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you didn't provide enough info to answer this.
Travel weekly International air transport association survey asked business travelers about their purpose for their most recent business, trip. 19% respond that it was for an internal company visit. Suppose950 business travelers are randomly selected. What is the probability that more than 25% of the business tracers say that their most recent business trip was an internal company visit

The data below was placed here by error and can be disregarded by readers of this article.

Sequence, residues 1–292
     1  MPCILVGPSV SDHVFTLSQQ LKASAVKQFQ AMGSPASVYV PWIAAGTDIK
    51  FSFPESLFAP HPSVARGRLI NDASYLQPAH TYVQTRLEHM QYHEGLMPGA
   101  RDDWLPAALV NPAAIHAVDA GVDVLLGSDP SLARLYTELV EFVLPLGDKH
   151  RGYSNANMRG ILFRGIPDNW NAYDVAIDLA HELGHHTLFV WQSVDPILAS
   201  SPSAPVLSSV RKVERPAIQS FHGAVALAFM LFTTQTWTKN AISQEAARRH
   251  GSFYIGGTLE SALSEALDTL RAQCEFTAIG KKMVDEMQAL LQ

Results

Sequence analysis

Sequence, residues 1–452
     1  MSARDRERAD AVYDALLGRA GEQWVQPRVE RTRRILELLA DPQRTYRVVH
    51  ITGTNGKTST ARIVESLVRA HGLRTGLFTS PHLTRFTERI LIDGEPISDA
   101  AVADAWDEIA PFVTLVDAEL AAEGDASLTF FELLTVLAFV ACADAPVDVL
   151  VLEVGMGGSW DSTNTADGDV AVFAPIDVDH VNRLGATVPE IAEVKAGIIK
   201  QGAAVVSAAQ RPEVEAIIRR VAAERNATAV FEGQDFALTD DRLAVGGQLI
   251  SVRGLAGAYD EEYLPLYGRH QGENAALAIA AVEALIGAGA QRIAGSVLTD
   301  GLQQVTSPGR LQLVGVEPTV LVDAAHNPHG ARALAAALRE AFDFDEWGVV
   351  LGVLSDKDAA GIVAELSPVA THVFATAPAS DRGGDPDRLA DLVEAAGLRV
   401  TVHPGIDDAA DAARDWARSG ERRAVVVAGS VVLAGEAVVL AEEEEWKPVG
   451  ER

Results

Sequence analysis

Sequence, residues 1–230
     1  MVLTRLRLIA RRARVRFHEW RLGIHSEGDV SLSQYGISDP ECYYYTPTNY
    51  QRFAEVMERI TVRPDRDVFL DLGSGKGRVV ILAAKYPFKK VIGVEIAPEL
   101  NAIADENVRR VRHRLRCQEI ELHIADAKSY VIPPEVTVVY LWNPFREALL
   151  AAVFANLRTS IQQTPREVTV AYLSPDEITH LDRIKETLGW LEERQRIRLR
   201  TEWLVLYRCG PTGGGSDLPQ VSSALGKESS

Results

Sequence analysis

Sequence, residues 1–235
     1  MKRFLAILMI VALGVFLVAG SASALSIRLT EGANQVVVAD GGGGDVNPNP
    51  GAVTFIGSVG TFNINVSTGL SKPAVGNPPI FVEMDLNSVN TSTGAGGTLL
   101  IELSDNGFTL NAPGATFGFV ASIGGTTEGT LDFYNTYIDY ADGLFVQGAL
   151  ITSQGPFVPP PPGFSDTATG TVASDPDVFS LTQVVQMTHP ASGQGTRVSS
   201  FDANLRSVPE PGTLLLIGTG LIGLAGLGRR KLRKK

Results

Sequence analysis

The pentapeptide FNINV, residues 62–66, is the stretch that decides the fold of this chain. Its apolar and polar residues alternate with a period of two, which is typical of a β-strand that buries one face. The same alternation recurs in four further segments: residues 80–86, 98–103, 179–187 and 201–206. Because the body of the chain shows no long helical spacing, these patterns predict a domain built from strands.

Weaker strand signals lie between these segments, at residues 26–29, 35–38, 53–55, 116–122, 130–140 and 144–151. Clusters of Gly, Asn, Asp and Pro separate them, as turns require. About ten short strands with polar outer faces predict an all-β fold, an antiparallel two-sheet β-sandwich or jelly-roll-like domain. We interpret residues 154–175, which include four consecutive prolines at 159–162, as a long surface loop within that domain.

This is probably a problem that can be solved more appropriately (and more effectively) using stats, but since I haven't taken stats in such a long time I don't feel inclined to solve it that way. I'm going to go with a pure probability (number of ways) approach -- I apologize to anyone reading this ahead of time. Imagine a branching tree, where each node in the tree can go in one of two directions with probability p = 0.19 that they take the outbound edge for "most recent business trip was an internal company visit" and otherwise they take the other edge with probability (1-p) = 0.81. If we do this for 950 people, and n of them took the p edge, and (950 - n) took the (1-p) edge, then the probability of that path through the tree is p^n * (1-p)^(950-n). A very low probability, to be sure, no matter what n is. So, now we want to figure out all the ways in which a path of n edges are the "p" edges, which is just (950 choose n) ways. So: (950 choose n) * [ p^n * (1-p)^(950-n) ] If we allow n to be a non-whole number (thanks to various extensions to the factorial, this is possible), then we can choose n to be a fraction equal to 950 * 0.25 = 237.5. So, the final equation is: (950 choose 237.5) * p^237.5 * (1-p)^(950 - 237.5) This will be a small number. I'm not sure it makes much sense, either. I think a more reasonably interpretation is to say, ok, we can't have 25% on the nose -- a person can't be divided. So, find a close whole number approximation, e.g., 238 people. In fact, we also don't want 25% on the nose, but rather in the range of 24.5% to 25.5%, being sure to round to the nearest whole numbers for the end-points -> 233 to 242 people. So, sum over this, e.g.: [sum from n = 233 to n = 242] (950 choose n) * [ p^n * (1-p)^(950-n) ] I'm sure this is a terrible approach, and there are statistical approaches that will deal with this problem much more effectively.